producing a more integrated global economic system. (location: 3.2)
146.Globalization: The movement across nations of trade, investment, &nance and labour. In
   the business world, globalization refers to the process of businesses becoming transnational
   and locating and conducting their operations in many countries. (location: 19.2)
147.Globalization of Markets: The combining of once separate and distinct national mar$
   kets into one huge global marketplace. (location: 19.2)
148.Globalization of Production: The way many businesses purchase their inputs from
   around the globe and tend to manufacture components in low$cost locations. (location: 19.2)
149.Green Marketing: Development, pricing, promotion and distribution or products that
   either do not harm or have minimal impact upon the environment. (location: 13.3)
150.Green#eld Strategy: Involves commenting a new business venture from scratch. (loca)
   tion: 20.2)
151.Grievance Procedure: Agreed steps that should be taken when a dispute arises, for ex$
   ample, reporting of a dispute, discussion at a low then high level, and if not successful, noti$
   fying the appropriate industrial tribunal of the dispute before conciliation or arbitration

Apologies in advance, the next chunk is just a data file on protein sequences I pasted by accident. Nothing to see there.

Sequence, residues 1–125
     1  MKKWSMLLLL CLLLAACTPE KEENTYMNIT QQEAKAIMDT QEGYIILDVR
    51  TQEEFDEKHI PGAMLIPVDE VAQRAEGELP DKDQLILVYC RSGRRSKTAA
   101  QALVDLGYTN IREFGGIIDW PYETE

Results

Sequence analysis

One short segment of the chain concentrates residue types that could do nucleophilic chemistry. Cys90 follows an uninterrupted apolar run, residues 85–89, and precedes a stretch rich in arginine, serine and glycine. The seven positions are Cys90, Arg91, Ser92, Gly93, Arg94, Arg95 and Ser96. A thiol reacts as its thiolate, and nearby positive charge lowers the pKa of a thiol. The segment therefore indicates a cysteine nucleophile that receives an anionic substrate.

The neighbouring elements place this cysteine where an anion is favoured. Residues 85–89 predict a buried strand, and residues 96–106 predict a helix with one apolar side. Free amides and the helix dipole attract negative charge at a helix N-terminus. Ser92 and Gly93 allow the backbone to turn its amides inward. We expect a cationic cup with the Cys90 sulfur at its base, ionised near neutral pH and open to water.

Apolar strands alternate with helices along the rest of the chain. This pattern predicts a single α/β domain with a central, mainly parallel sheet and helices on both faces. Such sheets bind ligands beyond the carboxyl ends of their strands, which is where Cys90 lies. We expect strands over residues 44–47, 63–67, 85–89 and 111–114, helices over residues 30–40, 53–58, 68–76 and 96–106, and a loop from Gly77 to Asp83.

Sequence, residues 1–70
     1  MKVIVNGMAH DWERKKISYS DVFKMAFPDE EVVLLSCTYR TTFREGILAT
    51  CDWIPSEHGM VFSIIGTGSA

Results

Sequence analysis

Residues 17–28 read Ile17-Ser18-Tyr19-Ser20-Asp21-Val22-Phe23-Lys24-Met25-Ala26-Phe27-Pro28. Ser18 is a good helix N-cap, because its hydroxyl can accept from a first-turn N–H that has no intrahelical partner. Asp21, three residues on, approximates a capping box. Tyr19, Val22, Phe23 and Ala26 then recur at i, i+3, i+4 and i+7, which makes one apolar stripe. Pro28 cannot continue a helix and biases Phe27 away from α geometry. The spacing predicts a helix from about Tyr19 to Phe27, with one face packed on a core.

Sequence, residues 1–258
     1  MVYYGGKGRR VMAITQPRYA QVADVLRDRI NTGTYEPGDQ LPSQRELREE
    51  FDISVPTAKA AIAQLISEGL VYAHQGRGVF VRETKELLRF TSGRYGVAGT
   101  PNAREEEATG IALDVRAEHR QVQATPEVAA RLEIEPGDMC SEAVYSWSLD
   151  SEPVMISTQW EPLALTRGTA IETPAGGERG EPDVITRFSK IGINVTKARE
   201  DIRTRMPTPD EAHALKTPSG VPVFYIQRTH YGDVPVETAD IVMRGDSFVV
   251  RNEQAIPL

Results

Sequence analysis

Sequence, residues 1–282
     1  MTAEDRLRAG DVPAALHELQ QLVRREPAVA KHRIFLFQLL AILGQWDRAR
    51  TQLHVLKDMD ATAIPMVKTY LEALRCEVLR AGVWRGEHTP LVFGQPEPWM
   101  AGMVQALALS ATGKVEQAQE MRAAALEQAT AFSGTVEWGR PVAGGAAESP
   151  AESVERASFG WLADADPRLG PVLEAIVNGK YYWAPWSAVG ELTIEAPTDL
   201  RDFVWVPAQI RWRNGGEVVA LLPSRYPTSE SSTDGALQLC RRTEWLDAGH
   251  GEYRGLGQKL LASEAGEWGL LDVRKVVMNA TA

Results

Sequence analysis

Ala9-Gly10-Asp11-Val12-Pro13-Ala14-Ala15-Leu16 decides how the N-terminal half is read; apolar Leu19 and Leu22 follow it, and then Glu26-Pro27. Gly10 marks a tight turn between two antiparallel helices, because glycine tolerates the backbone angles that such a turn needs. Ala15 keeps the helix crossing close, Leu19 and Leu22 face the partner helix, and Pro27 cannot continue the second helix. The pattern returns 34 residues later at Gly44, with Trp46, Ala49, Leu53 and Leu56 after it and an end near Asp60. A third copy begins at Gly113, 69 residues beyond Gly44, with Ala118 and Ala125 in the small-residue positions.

occurs. (location: 15.2)
152.Growth: Ability of the organization to increase its size in the longer term. (location: 4.2)
153.GST: The goods and services tax is a broad tax of 10 percent on the supply of most goods
   and services consumed in AUstralia (location: 3.2)
154.Hedging: The process of minimizing the risk of currency %uctuations. (location: 22.2)
155.Historical Cost: A form of accounting which states that values stated at the cost in$
   curred at the time of purchase or acquisition. (location: 7.3)
156.Household Spending: Refers to the combines purchases of individuals living together.
   (location: 11.6)
157.Human Resources: The employees of the business and are generally the most impor$
   tant asset. (location: 1.1)
158.Implementation $Marketing%: The process of putting the marketing strategies into
   operation. This involves the daily, weekly, and monthly decisions which have to be made to
   make sure the plan is e"ective. (location: 10.6)
159.Implied Conditions: The unspoken and unwritten terms of a contract. (location: 13.6)
160.Indirect Exporting: The most basic level of exporting where a business sells its prod$
   ucts to a domestic customer, who then exports the product. (location: 20.2)
161.Individual Contracts: Exist when an employer and an individual employee negotiate a
   contract covering pay and conditions. (location: 16.1)
162.Induction: A program designed to introduce an employee to the job, their coworkers, the
   organization and its culture. (location: 15.4)
163.Industrial Market: Includes industries and business organizations that purchase prod$
   ucts to use in the production of other products or in their daily operations. (location: 9.4)
164.Inertia of Management: Refers to an unenthusiastic response from management to
   proposed changes. (location: 3.3)
165.Information Resources: Knowledge and data required by the business such as market